The Met has a long history of acquiring looted and smuggled antiquities after the 1970 UNESCO Convention. The two most prominent cases were the Euphronios krater acquired in 1972 from the notorious dealer Robert Hecht during the directorship of Thomas Hoving, and the Morgantina treasure acquired in 1981, again from Hecht, during the directorship of Philippe de Montebello. On February 21, 2006, de Montebello signed an agreement in Rome to return both krater and treasure to Italy among 21 antiquities in total (Provoledo 2006). In January 2012, Italy announced the repatriation of c. 40 vase fragments from The Met; Fabio Isman revealed that the fragments matched vases already repatriated to Italy from North American museums, and noted that these fragments previously belonged to the private collection, kept in The Met, of the museum’s antiquities curator Dietrich von Bothmer (Italian Ministry of Culture 2012; Isman 2012).
Fifth Medici photo of Python bell-krater
Dietrich van Bothmer, who had a 60-year career at The Met as a curator and an expert in ancient Greek vases, died in 2009 (here’s his obituary in The New York Times).

Dr. Tsirogiannis points out in his column the need for further academic research on the Python bell-krater acquired in 1989:
The identification of the vase in the Medici archive, with the handwritten note below the Polaroid image, not only suggests that the vase has most likely been unlawfully removed from Italian soil, but also highlights discrepancies between published interpretations of the main scene depicted on the vase.
In conclusion, Dr. Tsirogiannis writes in his column:
The Met has several questions to answer. What is the ‘Bothmer Purchase Fund’? It has been proved that Dietrich von Bothmer played a crucial role in the acquisition of archaeological material, looted and smuggled after 1970, both on behalf of The Met and for his personal collection formed during the same period (Gill 2012:64; this obvious conflict of interest was overlooked by the museum; see Felch 2012, Tsirogiannis & Gill forthcoming 2014). My email to The Met (February 7, 2014) querying this point and requesting the full collecting history of the krater, remains unanswered, although it was sent to three different offices. No contact details for the Department of Greek and Roman Art are available on the museum website. In a wider perspective, the Python bell-krater at the Metropolitan Museum of Art in New York is one of many similar cases. North American museums, recently found to have acquired illicit antiquities, and forced to return those objects, still have in their possession many more. The very museums which advertise their case for transparency, in practice continue to conceal the full collecting history of tainted objects they own, and wait for them to be discovered. In this regard, the story of the Python bell-krater case is obviously typical.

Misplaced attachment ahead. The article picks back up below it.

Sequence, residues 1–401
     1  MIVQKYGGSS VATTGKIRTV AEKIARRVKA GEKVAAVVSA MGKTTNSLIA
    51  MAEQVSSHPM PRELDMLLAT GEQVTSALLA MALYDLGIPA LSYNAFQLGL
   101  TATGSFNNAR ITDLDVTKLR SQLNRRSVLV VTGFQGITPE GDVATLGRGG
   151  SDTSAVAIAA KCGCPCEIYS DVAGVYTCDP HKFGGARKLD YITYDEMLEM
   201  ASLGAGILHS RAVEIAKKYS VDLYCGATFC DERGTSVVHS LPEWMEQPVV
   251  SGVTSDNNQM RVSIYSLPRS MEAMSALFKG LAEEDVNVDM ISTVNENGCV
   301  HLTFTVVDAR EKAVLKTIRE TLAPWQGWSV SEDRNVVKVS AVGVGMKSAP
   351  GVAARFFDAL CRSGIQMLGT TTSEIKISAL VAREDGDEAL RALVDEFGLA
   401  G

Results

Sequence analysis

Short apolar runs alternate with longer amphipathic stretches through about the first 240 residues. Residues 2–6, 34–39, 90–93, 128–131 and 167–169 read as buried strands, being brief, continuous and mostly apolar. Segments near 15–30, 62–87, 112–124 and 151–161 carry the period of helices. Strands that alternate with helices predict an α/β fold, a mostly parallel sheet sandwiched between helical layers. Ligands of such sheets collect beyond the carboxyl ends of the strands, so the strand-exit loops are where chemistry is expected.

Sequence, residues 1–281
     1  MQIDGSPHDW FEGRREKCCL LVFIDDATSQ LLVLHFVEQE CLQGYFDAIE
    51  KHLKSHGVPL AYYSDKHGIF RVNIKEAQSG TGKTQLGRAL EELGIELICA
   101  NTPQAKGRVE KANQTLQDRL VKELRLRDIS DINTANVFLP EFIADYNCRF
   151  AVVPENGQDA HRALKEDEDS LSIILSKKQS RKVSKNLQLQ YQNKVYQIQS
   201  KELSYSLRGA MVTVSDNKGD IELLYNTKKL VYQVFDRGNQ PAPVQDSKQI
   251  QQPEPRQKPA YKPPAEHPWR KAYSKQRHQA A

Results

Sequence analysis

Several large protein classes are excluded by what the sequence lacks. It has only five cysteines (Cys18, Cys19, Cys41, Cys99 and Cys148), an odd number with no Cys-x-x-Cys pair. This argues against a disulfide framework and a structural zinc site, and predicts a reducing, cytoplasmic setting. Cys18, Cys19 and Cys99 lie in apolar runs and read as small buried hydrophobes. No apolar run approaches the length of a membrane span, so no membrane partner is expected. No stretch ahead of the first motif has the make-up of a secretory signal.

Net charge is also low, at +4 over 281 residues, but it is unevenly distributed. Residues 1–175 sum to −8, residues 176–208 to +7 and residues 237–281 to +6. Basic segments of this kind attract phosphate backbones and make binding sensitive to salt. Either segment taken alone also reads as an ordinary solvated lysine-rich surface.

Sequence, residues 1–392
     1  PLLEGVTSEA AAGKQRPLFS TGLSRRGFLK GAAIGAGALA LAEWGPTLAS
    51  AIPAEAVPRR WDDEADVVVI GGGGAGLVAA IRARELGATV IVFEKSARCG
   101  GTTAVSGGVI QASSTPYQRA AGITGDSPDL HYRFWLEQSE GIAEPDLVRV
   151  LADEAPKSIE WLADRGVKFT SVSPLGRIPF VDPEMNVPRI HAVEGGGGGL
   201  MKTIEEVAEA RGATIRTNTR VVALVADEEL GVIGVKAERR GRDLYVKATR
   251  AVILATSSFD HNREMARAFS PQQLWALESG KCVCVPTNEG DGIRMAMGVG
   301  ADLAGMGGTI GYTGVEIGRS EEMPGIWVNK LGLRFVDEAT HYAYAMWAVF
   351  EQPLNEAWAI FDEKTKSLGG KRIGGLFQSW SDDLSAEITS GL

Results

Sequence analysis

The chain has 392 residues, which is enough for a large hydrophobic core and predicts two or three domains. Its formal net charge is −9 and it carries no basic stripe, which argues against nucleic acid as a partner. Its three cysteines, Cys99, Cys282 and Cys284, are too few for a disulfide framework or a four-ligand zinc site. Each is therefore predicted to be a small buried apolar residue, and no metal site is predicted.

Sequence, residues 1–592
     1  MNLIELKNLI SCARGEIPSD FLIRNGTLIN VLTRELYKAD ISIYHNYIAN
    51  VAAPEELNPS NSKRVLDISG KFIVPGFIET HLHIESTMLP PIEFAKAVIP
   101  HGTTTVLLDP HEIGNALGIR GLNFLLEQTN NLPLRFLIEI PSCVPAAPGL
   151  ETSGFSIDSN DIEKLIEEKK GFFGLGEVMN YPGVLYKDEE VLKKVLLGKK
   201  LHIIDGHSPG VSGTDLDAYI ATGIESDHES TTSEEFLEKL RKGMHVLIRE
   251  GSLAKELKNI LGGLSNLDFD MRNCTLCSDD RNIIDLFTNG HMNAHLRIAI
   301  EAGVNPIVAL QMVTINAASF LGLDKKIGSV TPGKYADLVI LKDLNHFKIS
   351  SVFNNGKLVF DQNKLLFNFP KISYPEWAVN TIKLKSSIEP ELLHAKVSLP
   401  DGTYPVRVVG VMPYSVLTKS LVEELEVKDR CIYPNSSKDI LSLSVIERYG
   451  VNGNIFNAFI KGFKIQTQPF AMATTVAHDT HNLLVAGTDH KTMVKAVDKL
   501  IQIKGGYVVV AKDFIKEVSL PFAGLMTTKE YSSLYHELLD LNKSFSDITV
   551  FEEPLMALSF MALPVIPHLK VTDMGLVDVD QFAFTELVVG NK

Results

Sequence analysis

In an email to the ARCA blog, Dr. Tsirogiannis wrote that American and Italian authorities have been informed about this identification, and added:
It seems that the Metropolitan Museum of Art in New York, after the identification of the Bothmer kylix fragments and their repatriation to Italy last year, has to do much more work to present all the antiquities that lack a pre-1970 collecting history in its collection, rather than waiting to be confronted with more cases in the future. This will be honest due diligence, not just meaningless words in official statements.
You may read Dr. Tsirogiannis’ column in the Spring 2014 issue of The Journal of Art Crime by subscribing via the ARCA website or ordering the issue through Amazon.com.

Included in this post are the five photographs of the Python bell-krater in the Medici archive.

The Met owns another terracotta bell-krater (mixing bowl) attributed to Python that it purchased in 1976 and has on view in Gallery 171.

Here's a link to a video showing the three Greek temples at Paestum in Southern Italy and another link to a video showing how ancient Greek vases were made out of refined baked clay.